Thursday 20th July 2017 2:41am
Comments allow software developers to document their code within the code itself. This is especially useful when modifying existing code written by other developers; to be able to read a brief description of what the code is trying to accomplish rather than waste time deciphering source code. There are two ways to define a comment in Python we can use either the # (hash sign) which creates a comment to a single line or for multiple lines we use the ”’ three (single quotes). The computer ignores these comments when the program is executed.
This is an exmple of how to use three single quotes to comment for more detailed descriptions. These types of comments usually appear at the top of the code and describe the developer, date and a brief description of the what the code does:
''' Written by: Phantom Rasberry Blower Date: 12/03/2002 This is an exmple of comments using multiple lines that start with three single quotes and end with three single quotes. '''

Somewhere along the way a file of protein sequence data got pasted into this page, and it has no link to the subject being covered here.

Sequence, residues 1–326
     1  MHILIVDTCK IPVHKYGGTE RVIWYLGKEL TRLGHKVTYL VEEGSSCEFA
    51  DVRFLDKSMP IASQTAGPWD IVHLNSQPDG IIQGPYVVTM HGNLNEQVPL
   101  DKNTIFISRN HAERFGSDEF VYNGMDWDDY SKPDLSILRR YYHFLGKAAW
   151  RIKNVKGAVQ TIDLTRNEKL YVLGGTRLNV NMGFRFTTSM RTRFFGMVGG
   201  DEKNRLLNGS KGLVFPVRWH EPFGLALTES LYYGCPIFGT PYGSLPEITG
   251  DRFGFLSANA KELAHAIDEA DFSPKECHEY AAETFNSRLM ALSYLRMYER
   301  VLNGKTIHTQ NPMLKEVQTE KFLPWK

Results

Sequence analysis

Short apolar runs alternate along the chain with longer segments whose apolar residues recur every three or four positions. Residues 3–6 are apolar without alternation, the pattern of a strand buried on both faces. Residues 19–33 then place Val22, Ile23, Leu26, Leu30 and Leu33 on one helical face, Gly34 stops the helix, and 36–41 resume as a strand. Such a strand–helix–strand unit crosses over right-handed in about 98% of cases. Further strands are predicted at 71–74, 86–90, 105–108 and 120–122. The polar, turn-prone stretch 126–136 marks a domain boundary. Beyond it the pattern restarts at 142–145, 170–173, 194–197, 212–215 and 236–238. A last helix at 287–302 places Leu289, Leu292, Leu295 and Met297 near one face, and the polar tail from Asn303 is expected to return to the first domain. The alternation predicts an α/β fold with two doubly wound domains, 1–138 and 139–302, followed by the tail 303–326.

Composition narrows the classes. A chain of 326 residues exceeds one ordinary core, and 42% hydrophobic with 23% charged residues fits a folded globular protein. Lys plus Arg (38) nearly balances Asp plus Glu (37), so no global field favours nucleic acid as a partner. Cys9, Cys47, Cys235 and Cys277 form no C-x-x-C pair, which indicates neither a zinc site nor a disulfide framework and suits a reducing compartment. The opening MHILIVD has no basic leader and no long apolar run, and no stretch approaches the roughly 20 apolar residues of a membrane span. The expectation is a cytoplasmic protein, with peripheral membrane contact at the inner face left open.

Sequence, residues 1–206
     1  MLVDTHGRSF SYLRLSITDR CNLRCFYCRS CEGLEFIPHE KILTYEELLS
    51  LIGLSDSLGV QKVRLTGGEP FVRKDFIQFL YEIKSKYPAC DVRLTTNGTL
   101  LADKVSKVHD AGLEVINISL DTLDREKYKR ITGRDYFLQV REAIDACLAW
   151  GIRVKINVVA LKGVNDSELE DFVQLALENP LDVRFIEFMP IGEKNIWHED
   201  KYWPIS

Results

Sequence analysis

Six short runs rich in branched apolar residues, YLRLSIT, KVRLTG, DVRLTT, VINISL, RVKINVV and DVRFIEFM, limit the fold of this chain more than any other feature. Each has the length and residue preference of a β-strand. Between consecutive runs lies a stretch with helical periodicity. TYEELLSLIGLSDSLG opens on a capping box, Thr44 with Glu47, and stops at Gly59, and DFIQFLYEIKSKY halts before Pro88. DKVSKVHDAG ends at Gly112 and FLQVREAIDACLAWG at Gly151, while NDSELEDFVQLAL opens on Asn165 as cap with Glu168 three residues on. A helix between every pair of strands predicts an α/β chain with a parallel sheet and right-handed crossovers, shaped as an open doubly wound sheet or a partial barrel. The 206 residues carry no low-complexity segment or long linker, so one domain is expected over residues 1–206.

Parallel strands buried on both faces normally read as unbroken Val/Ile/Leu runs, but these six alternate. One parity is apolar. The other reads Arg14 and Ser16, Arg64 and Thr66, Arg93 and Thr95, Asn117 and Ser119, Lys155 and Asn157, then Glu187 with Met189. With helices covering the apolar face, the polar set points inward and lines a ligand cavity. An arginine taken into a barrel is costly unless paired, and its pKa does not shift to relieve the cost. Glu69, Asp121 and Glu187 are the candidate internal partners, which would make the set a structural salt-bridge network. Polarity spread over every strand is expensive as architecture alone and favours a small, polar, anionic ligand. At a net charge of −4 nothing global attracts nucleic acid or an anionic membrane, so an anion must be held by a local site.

The next example shows how to comment single lines using the hash sign:
# These comments are ignored by the computer when the program is executed pi = 3.14159265359 # Comments can also be placed next to code # But not before! pi = 3.14159265359 (This won’t work)
During the course of this user guide I have been purposely verbose with my comments; most comments are there to be informative or to explain sections of code that are less intuitive.